The Commonwealth is one of the world’s oldest political association of states. Its roots go back to the British Empire when some countries were ruled directly or indirectly by Britain. Some of these countries became self-governing while retaining Britain’s monarch as Head of State. They formed the British Commonwealth of Nations.
In 1949 the association we know today – The Commonwealth – came into being. Since then, independent countries from Africa, the Americas, Asia, Europe and the Pacific have joined The Commonwealth.
Membership today is based on free and equal voluntary co-operation. The last two countries to join The Commonwealth - Rwanda and Mozambique - have no historical ties to the British Empire.
16 - 19 October 1972, Ottawa, Canada. The meeting considered comparative techniques of government across the Commonwealth and tasked the Secretariat with establishing procedures for the Commonwealth Heads of Government Meetings which would ensure 'flexibility, informality and the opportunity to engage in frank discussion of common problems, even from opposing standpoints.'
26 April - 3 May 1966, London, United Kingdom. The meeting reviewed arrangements for the extradition of fugitive offenders within the Commonwealth and recommended the creation of a Legal Section within the Commonwealth Secretariat.
13 - 16 June 1966, London, United Kingdom. "It was agreed that Commonwealth countries should act in concert wherever possible in wider international organisations concerned with international trade and trade policy. Such action would aim to improve the position of Commonwealth countries in a practical way."
4 - 13 October 1965, Edinburgh, United Kingdom. Ministers concluded that "adequate medical services are an essential foundation of social and economic progress in the developing countries. The Conference therefore took as its purpose a thorough review of the existing co-operation between Commonwealth countries in the fields of medicine and health and an examination of how this co-operation can be strengthened and extended."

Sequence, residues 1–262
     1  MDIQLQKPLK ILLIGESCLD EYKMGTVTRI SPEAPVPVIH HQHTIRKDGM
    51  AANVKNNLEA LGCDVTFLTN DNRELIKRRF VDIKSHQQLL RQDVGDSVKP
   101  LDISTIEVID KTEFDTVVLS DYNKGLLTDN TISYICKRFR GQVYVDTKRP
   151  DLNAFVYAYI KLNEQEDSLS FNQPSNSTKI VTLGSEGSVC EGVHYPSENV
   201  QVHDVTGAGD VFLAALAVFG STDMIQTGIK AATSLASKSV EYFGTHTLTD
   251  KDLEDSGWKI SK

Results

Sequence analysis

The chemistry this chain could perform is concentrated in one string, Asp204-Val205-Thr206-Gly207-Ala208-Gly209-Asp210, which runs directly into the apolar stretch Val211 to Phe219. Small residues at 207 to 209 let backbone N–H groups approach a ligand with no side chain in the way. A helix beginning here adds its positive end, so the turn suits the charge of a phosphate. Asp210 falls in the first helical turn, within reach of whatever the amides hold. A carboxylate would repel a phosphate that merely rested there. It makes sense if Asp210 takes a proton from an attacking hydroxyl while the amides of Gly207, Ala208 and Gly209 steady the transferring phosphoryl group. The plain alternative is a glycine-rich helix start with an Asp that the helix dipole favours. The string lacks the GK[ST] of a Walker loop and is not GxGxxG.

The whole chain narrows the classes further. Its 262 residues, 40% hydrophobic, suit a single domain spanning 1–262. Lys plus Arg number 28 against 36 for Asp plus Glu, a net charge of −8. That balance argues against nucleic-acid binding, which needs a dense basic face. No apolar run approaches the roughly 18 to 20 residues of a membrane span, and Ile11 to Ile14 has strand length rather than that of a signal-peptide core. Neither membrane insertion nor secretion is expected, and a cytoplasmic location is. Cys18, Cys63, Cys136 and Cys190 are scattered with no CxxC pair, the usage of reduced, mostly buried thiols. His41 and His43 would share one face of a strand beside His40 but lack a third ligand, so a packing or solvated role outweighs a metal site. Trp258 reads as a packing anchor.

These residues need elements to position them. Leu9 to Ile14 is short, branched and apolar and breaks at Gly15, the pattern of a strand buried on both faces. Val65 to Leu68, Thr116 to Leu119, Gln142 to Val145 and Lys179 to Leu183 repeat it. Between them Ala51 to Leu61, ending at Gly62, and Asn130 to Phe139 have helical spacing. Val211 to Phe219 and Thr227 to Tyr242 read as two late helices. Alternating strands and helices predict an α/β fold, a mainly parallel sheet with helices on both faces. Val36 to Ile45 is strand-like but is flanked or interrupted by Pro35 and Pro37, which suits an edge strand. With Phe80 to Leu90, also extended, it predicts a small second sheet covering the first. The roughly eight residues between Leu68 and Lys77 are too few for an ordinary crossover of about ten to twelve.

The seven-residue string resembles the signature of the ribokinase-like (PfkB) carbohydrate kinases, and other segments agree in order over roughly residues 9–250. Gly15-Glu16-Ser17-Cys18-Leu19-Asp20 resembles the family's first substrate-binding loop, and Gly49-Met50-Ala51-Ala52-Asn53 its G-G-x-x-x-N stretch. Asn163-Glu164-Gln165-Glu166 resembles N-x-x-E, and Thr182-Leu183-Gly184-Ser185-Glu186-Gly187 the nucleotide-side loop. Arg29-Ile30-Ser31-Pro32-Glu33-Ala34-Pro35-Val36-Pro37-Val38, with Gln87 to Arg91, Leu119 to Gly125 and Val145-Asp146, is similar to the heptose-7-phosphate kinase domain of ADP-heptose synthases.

15 - 28 July 1959, Oxford, United Kingdom. The meeting of Education ministers was convened in recognition of " the great importance of education and training as an indispensable condition of development. It is an objective of Commonwealth countries that their people should be able to share as widely as possible in the advantages of education of all kinds and at all levels".
Housed in Marlborough House in London, UK, the Commonwealth Foundation was set up to administer the interchanges between Commonwealth organisations in professional fields throughout the Commonwealth.
London, United Kingdom, 21 July 1949.
Ministers reviewed the economic position of the sterling area, in light of the recent fall in the level of gold and dollar reserves.
Male, Maldives, 10 -12 May 1992.
The discussions explored ways in which Ministries of Youth could be strengthened and the effectiveness of youth literacy and community service schemes improved.
Ministers had previously met in 1973 to consider the establishment of a Commonwealth Youth Programme.